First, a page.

Christ is our home. So we see with new eyes—a new point of view—and to our surprise, because Christ is more than a mere human being, we see that there’s really no mere anything. Or mere anyone–we are, all of us, deeper, more complex, more cherished, and no life is cheaper than yours or than mine or than anyone else’s. We find our true selves when we learn to be selfless, when we fall into Christ and let love conform us, let the Spirit inspire, reshape and transform us, till in this slow stew of transfiguration we see that in Christ there is new creation.

In Christ, new creation. All things are reborn—the ones you love most, the parties you scorn, the planet itself, the stars in the skies—all things are made new and we see with new eyes. Old habits, old angers, old grudges, old fears, addictions, obsessions, your old unshed tears, old guilts that trouble your sleep in the night, opinions and bias that narrow your sight—it all fades away to allow a fresh start in Christ, your new home, in Christ, your new heart. The old fades away as the new takes its place and life becomes grace upon grace upon grace.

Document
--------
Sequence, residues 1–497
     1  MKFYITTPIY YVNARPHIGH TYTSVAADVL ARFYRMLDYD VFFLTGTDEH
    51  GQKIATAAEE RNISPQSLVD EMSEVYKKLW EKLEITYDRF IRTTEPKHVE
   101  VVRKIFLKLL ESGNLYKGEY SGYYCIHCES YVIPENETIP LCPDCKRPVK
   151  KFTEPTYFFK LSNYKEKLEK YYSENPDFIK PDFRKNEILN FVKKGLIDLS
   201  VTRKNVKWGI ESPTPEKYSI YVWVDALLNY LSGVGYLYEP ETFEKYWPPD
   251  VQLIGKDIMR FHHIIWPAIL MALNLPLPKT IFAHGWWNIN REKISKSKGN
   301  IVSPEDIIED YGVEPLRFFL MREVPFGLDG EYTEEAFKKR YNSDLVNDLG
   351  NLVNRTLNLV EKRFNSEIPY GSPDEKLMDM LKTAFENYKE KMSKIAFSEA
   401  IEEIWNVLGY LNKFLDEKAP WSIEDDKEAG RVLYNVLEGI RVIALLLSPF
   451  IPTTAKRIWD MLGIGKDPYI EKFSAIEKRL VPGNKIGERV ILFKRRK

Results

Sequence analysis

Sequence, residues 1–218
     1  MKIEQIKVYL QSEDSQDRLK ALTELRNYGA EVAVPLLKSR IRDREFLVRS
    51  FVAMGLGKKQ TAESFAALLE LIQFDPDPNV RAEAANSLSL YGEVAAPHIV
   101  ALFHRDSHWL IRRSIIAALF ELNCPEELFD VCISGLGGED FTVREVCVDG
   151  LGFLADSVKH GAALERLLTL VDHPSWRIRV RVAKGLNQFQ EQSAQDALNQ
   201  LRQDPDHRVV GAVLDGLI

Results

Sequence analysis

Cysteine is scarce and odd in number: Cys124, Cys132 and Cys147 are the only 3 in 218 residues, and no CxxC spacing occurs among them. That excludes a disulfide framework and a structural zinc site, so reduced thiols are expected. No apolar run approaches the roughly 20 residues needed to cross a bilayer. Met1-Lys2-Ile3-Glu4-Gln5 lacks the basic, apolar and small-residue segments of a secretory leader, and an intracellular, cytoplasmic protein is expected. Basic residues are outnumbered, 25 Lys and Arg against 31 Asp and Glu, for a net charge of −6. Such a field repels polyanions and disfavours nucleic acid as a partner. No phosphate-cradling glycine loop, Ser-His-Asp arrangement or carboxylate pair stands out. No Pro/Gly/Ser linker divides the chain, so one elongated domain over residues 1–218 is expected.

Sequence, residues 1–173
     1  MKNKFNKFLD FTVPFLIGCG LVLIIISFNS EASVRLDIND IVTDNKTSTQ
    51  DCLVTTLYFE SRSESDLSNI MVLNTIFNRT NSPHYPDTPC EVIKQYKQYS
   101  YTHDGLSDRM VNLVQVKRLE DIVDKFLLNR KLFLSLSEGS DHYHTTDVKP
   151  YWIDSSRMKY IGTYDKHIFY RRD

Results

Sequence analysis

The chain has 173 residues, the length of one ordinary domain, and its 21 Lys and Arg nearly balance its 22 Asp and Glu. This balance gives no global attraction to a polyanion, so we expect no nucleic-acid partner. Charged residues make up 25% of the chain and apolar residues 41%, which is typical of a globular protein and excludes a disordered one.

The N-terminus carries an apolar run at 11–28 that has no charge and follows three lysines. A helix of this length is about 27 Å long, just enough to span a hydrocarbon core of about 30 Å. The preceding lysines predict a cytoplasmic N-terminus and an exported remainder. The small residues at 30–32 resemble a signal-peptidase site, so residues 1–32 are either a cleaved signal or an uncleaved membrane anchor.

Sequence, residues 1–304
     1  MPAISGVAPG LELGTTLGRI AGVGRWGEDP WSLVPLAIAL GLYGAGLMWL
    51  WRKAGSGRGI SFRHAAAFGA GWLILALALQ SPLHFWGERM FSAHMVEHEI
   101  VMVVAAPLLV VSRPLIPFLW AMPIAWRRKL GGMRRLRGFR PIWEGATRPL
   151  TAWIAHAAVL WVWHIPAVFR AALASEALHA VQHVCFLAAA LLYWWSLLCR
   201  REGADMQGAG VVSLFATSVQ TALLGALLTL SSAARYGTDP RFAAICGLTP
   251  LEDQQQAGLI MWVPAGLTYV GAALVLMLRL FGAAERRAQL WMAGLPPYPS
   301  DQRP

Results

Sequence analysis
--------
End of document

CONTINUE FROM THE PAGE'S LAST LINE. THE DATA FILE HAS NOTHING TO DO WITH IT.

Grace upon grace, even through the long waiting that drags on our days as we’re anticipating that final renewal, the post-mortem waking, when you’ll shine like a jewel at the final remaking of all things that are and all things that will be and all things that were. And all you. And all me. The blossom that hides in the seed is concealed and what we will be has not yet been revealed. And though we’re impatient to make our escape, like a nymph in a chrysalis we’re still taking shape. But home’s where the heart is and our hearts are glowing, so we speak with confidence about where we’re going. We walk by faith, not merely by sight. Love urges us on and Christ is our light. Our feet may meander, our attention may roam but softly and tenderly, Christ guides us home.

The Penalty For Neglect

Thoughts Along the Way…